U.S. District Court orders Dept. of Homeland Security to halt its multimillion fines against Union Pacific, stop seizing railroad equipment in drug smuggling case

LINCOLN, Nebraska , December 20, 2011 () – Federal judge sides with Union Pacific in Neb. drug-smuggling lawsuit, orders US to halt fines

U.S. border officials exceeded their authority when they imposed multimillion-dollar fines against Union Pacific Corp. for failing to discover illegal drugs in railcars that crossed into the country from Mexico, a federal judge ruled Monday.

U.S. District Judge Joseph Bataillon ordered the Department of Homeland Security to halt its fines against the Omaha-based railroad and stop seizing railroad equipment in drug smuggling that the company says was beyond its control.

At issue was whether it's proper for U.S. Customs and Border Protection officials to impose these fines on railroads. Union Pacific, the largest rail shipper on the U.S.-Mexico border, has argued that it shouldn't be held responsible for the train cars until after they cross the border. Government officials maintain that the railroad is responsible for verifying the nature of what it brings into the country.

Union Pacific chairman and CEO Jim Young said the company was pleased with the ruling, but added the railroad will continue working with federal officials to improve security.

"We have already invested tens of millions of dollars in technology, infrastructure and training to promote safer and more secure rail transportation across the border, and we will continue this collaboration with (U.S. officials) to help mitigate threats to our nation's security," Young said in a statement.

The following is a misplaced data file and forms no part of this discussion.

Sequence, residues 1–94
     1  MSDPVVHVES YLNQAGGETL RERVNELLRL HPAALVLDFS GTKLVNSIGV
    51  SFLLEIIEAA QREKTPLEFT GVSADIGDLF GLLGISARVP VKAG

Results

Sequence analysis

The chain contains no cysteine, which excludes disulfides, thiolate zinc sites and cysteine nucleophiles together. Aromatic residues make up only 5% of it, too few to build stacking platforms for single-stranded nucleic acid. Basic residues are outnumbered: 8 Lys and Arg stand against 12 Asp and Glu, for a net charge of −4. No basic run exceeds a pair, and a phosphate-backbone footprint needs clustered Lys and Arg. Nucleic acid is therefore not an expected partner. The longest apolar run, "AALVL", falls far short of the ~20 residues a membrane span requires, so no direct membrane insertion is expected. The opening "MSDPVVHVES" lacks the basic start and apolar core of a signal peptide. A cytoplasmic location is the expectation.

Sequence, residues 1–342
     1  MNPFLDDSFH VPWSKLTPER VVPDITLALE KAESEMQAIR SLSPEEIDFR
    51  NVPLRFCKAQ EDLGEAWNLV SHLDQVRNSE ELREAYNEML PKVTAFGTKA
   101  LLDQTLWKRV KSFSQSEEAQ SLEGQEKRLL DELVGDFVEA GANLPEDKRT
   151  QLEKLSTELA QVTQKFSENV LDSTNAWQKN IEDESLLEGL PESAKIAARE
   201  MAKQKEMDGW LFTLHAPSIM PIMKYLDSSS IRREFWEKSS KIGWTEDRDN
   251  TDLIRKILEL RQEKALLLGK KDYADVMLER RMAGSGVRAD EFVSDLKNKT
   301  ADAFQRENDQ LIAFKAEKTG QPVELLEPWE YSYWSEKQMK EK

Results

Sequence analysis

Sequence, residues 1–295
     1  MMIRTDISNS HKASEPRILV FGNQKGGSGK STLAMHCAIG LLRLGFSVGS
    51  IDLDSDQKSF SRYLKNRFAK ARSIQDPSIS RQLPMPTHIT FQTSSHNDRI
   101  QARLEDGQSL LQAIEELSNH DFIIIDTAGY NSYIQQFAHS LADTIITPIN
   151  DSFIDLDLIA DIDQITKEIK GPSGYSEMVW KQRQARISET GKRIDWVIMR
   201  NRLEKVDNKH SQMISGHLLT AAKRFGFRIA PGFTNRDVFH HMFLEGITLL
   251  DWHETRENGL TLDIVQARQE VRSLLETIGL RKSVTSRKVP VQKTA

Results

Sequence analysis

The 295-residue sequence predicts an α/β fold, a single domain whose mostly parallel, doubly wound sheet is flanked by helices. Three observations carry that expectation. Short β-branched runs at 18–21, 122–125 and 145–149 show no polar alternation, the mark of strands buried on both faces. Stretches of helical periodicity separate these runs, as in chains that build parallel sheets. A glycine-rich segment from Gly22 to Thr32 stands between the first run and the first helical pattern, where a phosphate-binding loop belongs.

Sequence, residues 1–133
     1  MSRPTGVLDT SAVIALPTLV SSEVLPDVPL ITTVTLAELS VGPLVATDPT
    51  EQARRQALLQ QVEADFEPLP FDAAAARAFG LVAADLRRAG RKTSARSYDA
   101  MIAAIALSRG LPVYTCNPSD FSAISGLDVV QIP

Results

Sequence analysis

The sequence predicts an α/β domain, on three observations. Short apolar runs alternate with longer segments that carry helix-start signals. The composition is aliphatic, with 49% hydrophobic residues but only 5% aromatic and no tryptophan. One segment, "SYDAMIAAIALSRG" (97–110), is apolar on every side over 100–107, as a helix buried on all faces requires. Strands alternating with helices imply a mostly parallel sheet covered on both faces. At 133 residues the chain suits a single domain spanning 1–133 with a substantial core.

U.S. Justice Department spokesman Charles Miller said officials were still reviewing the ruling, and declined to comment further.

In August, Union Pacific resolved part of its long-running dispute with the federal government over fines imposed over drug smuggling on trains crossing from Mexico. But the company proceeded with the lawsuit to challenge the agency's power to impose the fines and seize railcars.

The company and the U.S. Customs and Border Protection agency announced an agreement in August that covers about $500 million in fines the government had tried to impose and provides a five-year amnesty for Union Pacific. In exchange, Union Pacific railroad agreed to invest $50 million in efforts to strengthen security in the rail supply chain at the Mexican border without admitting any fault.

Union Pacific has said it is not practical for the railroad to patrol trains in Mexico because its security officers have no authority there and cannot carry guns. Plus, drug trafficking is a dangerous business. It owns 26 percent of Ferrocarril Mexicano, but says since it does not control the Mexican railroad and cannot force that business to make drug interdiction efforts.

According to the lawsuit, Customs and Border Protection agents found at least 4,514 pounds of marijuana hidden on Union Pacific trains, and on at least one occasion about 257 pounds of cocaine was also found. The drugs are often found in false compartments on the railcars. Thirty-seven of the seizures took place at the Calexico, Calif., crossing. Four happened at Nogales, Ariz., and one seizure happened at Brownsville, Texas.

Union Pacific has said customs inspections themselves often leave the trains vulnerable. While agents check the Mexican railroad crew's paperwork, railcars on trains up to two miles long can stretch back into Mexico and sit unprotected.

Under the agreement, the railroad will work with Customs to determine where to invest the $50 million. Some may go to improvements in Union Pacific's security, such as adding more personnel and drug dogs, and some may go toward improving Customs' operations at the border. Technological improvements, such as radio frequency identification and GPS tracking systems, may also be purchased.

The agreement said that Union Pacific representatives will be included in an information-sharing center where they will be able to coordinate efforts with government officials. Eventually, officials hope to develop a working group that will include freight railroads, major shippers and government officials to help address border security issues.

Union Pacific is the nation's largest railroad and operates 32,400 miles of track in 23 states from the Midwest to the West and Gulf coasts.

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